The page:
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1.2.1 The mouse and Mendel

The mouse played a major role in early genetic studies begun immediately after the rediscovery of Mendel's laws in 1900. All of the initial findings were based on work carried out entirely with plants and there was much skepticism in the scientific community as to how general Mendel's Laws would be (Dunn, 1965, p.86). Did the laws explain all aspects of inheritance from individuals? Were there some species groups — such as ourselves and other mammals — where the laws did not apply at all? In particular, the competing theory of blending inheritance was defended by Galton during the latter part of the 19th century. The main tenet of this theory was that a blending of the traits expressed by each of the parents occurred within each offspring. Blending inheritance and Mendelism have strikingly different predictions for the future descendants of a cross that brings a new "character" into a pure-bred race. According to the blending theory, the new character would remain in all of the descendants from the original "contaminating" cross: even upon sequential backcrosses to the pure-bred parental strain, the contaminating character would only slowly be diluted out. Of course, the Mendelian prediction is that a contaminating allele (to use current language) can be eliminated completely within a single generation.

The main support for blending inheritance came through a cursory observation of common forms of variation that exist in animal as well as human populations. It can certainly appear to be the case that human skin color and height do blend together and dilute from one generation to the next. However, skin color, height, and nearly all other common forms of natural variation are determined not by alternative alleles at a single loci, but instead by interactions of multiple genes, each having multiple alleles leading to what appear to be continua of phenotypes. 2 Mendel's leap in understanding occurred because he chose to ignore such complicated forms of inheritance and instead focused his efforts on traits that came in only two alternative "either/or" forms. Of equal importance was his decision to begin his crosses with pairs of inbred lines that differed by only a single trait, rather than many. It was only in this manner that Mendel was able to see through the noise of commonplace multifactorial traits to derive his principles of segregation, independent assortment, and dominant-recessive relationships between alleles at single loci.

How could one investigate the applicability of Mendel's laws to mammals with the use of natural variants alone? The answer was with great difficulty — not only does natural variation tend to be multifactorial, there is just not very much of it that is visible in wild animals, and without visible variation, there could be no formal genetics in 1900. The obvious alternative was to use a species in which numerous variants had been derived and were readily available within pure-breeding lines. And thus begun the marriage between the fancy mice and experimental genetics.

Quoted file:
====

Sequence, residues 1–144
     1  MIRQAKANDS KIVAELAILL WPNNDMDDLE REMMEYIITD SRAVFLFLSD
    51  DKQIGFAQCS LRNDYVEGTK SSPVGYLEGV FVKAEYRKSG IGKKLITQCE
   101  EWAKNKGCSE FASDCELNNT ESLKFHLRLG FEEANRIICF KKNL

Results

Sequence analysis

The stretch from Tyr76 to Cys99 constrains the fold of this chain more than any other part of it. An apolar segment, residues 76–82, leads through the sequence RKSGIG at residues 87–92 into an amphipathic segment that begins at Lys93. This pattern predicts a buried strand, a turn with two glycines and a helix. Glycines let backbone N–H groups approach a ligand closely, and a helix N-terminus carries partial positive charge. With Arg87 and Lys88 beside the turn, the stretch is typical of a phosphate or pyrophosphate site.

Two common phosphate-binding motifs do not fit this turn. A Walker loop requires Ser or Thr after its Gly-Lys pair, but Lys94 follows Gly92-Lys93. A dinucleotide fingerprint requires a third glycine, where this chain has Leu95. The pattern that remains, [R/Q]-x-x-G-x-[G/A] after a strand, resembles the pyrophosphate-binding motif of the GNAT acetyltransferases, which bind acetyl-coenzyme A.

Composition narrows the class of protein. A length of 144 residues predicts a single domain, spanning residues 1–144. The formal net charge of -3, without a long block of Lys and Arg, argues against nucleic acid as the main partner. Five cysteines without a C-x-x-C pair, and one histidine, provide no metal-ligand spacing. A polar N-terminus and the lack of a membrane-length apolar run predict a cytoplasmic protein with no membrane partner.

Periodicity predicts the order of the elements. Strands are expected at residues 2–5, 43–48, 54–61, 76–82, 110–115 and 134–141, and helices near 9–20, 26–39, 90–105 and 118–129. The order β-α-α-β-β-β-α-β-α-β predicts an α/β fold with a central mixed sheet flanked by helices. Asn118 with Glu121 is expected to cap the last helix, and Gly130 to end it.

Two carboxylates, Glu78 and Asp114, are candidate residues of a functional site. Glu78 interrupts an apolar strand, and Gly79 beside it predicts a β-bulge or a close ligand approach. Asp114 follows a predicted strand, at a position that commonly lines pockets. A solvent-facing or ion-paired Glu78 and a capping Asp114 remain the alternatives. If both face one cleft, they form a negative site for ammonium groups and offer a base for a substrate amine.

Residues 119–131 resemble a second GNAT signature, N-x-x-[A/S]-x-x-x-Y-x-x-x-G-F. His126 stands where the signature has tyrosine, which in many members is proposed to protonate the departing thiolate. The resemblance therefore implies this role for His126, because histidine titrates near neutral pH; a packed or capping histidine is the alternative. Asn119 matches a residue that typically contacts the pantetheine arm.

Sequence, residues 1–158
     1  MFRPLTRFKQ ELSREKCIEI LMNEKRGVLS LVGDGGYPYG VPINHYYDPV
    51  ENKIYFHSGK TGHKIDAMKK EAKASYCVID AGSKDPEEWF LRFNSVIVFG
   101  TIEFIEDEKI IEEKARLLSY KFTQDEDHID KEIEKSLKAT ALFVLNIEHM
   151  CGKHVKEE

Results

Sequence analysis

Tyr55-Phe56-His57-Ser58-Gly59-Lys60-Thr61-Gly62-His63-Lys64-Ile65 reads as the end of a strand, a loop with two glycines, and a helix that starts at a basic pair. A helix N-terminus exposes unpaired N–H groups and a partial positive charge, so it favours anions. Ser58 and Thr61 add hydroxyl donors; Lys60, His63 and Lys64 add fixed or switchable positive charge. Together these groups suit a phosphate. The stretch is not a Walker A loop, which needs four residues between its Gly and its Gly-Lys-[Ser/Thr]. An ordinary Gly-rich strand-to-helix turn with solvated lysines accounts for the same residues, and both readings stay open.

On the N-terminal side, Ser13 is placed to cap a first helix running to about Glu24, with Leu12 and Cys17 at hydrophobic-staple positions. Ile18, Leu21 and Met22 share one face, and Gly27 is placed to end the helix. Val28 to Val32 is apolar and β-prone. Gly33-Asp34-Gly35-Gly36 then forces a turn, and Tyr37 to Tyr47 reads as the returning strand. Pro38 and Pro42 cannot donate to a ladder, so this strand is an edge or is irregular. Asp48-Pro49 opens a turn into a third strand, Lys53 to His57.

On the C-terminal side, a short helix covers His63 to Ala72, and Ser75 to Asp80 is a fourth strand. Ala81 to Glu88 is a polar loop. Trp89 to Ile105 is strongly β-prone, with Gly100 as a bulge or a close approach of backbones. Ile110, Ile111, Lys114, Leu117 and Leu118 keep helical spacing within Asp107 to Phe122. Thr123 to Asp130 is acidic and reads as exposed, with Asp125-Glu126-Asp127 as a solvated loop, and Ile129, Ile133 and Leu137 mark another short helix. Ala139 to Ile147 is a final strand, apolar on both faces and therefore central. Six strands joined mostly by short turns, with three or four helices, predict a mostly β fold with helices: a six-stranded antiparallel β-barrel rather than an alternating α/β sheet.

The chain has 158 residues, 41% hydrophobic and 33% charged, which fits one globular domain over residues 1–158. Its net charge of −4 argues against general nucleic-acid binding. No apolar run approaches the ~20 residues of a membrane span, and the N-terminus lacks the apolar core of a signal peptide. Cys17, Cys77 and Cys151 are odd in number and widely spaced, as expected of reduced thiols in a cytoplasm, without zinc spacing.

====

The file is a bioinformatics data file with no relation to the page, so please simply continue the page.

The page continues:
Evidence for the applicability of Mendel's laws to mammals — and by implication, to humans — came quickly, with a series of papers published by the French geneticist Cuénot on the inheritance of the various coat color phenotypes (Cuénot, 1902; Cuénot, 1903; Cuénot, 1905). Not only did these studies confirm the simple dominant and recessive inheritance patterns expected from "Mendelism", they also brought to light additional phenomena such as the existence of more than two alleles at a locus, recessive lethal alleles, and epistatic interactions among unlinked genes.

1.2.2 Castle, Little, and the founders of mouse genetics

The most significant force in early genetic work on the mouse was William Ernest Castle, who directed the Bussey Institute at Harvard University until his retirement in 1936 (Morse, 1985). 3 Castle brought the fancy mouse into his laboratory in 1902, and with his numerous students began a systematic analysis of inheritance and genetic variation in this species as well as in other mammals (Castle, 1903; Morse, 1978; Morse, 1981; Snell and Reed, 1993). The influence of Castle on the field of mammalian genetics as a whole was enormous. Over a period of 28 years, the Bussey Institute trained 49 students, including L.C. Dunn, Clarence Little, Sewall Wright, and George Snell; thirteen were elected to the National Academy of Sciences in the U.S. (Morse, 1985), and many students of mouse genetics today can trace their scientific heritage back to Castle in one way or another. 4

A major contribution of the Castle group, and Clarence Little in particular, was the realization of the need for, and development of, inbred genetically homogeneous lines of mice (discussed fully in Section 3.2). The first mating to produce an inbred line was begun by Little in 1909, and resulted in the DBA strain, so-called because it carries mutant alleles at three coat color loci — dilute (d), brown (b), and non-agouti (a). In 1918, Little accepted a position at the Cold Spring Harbor Laboratory, and with colleagues that followed — including Leonell Strong, L. and E. C. MacDowell — developed the most famous early inbred lines including B6, B10, C3H, CBA, and BALB/c. Although an original rationale for their development was to demonstrate the genetic basis for various forms of cancer, 5 these inbred lines have played a crucial role in all areas of mouse genetics by allowing independent researchers to perform experiments on the same genetic material, which in turn allows results obtained in Japan to be compared directly with those obtained halfway around the world in Italy. A second, and more important, contribution of Little to mouse genetics was the role that he played in founding the Jackson Laboratory in Bar Harbor, Maine, and acting as its first director (Russell, 1978). The laboratory was inaugurated in 1929 — as "the natural heir to the Bussey" (Snell and Reed, 1993) — with eight researchers and numerous boxes of the original inbred strains.